When the Association Manager 54 is called, it prepares two messages to initiate the association establishment process. The first message is an Association Request Message which contains the originating host computer level and this SNIU's certificate (containing it's public signature key). This message is passed to the Fortezza API 56 which controls the Fortezza card which signs the message with this SNIU's private signature key. The second message is an ICMP Echo Request message which will be returned to this SNIU if it is received by the destination host. Both messages are passes to the network-side Host/Network Interface Module 46 to be transmitted to the destination host.
If another SNIU exists on the network between the originating SNIU and the destination host, the messages are first processed by the SNIU's receiving port's Host/Network Interface 46 which reassembles the messages and passes them to the trusted software. The Message Parser module 50B passes the Association Request Message to the Association Manager 54 module and deletes the ICMP Echo Request message. The Association Manager 54 passes the message to the Fortezza API 56 which verifies the digital signature. If not valid, the Audit Manager 52 is called to generate an Audit Event Message to log the error. If the signature is OK, the Association Manager 54 saves a copy of the received Association Request Message in the Waiting Queue, adds this SNIU's certificate to the message, calls the Fortezza API 56 to sign the message, generates a new ICMP Echo Request message, and passes both messages to the Host/Network Interface module 46 to transmit the messages to the destination host. If the messages are received by any other SNIU's before reaching the destination host, this process is repeated by each SNIU.
If the destination host computer does not contain the Companion SNIU software, the host's communications protocol stack software automatically converts the ICMP Echo Request message to an ICMP Echo Reply and returns it to the SNIU which sent it. However, the destination host does not contain any software which can process the Association Request Message; so it is ignored (i.e., deleted).
If the destination host computer does contain Companion SNIU software, the host's data link layer software converts the stream of bits from the physical layer into packets which are passed to the Companion's Host/Network Interface module 46. The hardware address headers are stripped off of the packets and saved; and the packets are re-assembled into IP datagrams which are passed to the Message Parser 50B. The ICMP Echo Request message is ignored; and the Association Request Message is passed to the Fortezza API 56 to have the signature verified. If valid, the message is passed to the Association Manager module 54 which saves the originating host and SNIU data and generates an Association Grant Message. This message contains the SNIU's IP address (which is the same as the destination host's), the SNIU's certificate, the host's security level, and sealer keys for the originating SNIU and the previous intermediate SNIU (if there was one). The sealer keys (a.k.a. Message Encryption Keys) are explained elsewhere.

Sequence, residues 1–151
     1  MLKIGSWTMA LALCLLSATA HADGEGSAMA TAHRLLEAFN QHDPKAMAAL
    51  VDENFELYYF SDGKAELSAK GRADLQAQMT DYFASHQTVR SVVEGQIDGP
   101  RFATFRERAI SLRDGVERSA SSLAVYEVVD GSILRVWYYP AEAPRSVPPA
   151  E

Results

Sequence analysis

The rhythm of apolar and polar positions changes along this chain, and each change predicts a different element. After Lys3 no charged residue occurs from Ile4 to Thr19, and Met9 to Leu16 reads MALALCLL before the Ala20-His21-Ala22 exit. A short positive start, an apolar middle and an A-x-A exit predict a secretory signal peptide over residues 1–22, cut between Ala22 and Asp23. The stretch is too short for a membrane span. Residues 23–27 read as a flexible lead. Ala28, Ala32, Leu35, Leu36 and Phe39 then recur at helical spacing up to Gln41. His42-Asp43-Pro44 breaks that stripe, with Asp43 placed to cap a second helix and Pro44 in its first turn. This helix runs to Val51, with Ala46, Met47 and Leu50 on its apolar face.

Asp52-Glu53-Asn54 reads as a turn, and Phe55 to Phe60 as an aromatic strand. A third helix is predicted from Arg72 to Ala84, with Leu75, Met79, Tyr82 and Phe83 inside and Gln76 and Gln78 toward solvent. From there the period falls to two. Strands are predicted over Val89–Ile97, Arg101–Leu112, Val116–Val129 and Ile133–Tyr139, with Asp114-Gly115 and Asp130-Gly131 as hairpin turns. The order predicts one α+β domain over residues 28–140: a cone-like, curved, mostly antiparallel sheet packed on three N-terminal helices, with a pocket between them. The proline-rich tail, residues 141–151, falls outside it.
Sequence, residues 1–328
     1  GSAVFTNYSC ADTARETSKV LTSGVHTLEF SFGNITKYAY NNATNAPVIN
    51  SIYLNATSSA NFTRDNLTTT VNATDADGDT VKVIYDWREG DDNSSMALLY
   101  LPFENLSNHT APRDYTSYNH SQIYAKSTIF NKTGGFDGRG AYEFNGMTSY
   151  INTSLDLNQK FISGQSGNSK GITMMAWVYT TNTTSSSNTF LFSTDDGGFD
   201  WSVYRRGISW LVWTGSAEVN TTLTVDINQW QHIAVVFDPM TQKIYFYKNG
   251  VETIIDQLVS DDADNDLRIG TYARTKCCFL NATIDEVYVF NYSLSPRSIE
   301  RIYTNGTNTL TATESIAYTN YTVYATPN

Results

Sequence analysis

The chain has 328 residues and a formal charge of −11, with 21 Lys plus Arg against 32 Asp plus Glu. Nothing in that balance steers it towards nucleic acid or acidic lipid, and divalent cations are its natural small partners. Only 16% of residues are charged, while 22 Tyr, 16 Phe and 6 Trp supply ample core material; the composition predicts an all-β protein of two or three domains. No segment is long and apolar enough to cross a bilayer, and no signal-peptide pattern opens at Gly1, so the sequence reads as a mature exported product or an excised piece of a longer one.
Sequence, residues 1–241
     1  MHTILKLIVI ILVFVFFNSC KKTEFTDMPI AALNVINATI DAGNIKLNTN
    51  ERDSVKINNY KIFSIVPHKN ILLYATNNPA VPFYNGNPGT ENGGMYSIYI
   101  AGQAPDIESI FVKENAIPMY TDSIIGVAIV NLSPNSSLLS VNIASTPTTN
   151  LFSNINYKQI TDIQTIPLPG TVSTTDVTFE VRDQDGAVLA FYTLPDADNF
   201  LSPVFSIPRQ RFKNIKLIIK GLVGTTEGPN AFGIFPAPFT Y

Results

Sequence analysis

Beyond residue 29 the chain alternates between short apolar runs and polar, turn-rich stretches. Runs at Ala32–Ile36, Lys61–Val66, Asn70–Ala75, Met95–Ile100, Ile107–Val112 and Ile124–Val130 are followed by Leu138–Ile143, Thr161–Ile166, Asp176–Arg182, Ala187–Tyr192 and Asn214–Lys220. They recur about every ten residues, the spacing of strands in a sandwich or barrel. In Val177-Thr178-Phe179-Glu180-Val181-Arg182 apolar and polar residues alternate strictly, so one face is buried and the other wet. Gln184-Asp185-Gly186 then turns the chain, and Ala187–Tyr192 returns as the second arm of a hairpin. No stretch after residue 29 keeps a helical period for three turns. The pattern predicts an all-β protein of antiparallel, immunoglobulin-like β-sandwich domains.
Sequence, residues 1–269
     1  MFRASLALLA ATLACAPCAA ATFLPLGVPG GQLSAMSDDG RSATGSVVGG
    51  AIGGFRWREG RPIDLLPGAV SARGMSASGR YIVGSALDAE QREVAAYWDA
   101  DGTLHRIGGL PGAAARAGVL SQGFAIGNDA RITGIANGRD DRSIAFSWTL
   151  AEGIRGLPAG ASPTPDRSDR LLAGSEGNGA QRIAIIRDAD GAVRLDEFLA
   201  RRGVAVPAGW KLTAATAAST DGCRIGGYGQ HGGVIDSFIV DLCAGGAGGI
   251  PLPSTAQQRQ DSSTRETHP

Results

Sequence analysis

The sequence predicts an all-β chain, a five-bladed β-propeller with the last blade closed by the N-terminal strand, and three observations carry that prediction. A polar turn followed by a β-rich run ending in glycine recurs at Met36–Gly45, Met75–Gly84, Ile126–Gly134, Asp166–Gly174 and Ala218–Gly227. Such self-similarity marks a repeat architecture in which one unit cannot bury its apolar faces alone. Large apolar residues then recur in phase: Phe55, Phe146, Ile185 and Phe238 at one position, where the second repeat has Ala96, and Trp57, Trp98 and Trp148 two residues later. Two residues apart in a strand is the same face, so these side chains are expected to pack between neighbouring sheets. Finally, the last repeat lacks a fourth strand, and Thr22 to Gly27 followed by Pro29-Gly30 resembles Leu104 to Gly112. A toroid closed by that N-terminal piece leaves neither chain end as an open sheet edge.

The Fortezza API 56 is then called to sign the message which is passed to the Host/Network Interface module 46. The Association Grant Message is converted from an IP datagram to network packets and passed back to the host's hardware packet drivers (in the data link layer) for transmission back to the originating host.
Any intermediate SNIU's which receive the Association Grant Message process the message up through the communications stack protocol layers to the network layer which calls the Message Parser 50B to process the message. The signature on the message is verified by the Fortezza API 56 and audited via the Audit Manager 52 if not valid. Otherwise, the validated message is processed by the Association Manager 54 module which removes and saves one of the sealer keys (a.k.a. a release key) which will be used by this SNIU and the previous SNIU (which generated the key) to authenticate PUD messages exchanged via this association in the future. The Fortezza API 56 is called to generate and wrap another sealer key to be shared with the next SNIU in the association path. The new key and this SNIU's certificate are appended to the message. The Fortezza API 56 aligns the message. The Host/Network Interface 46 transmits the message on its way back to the originating SNIU.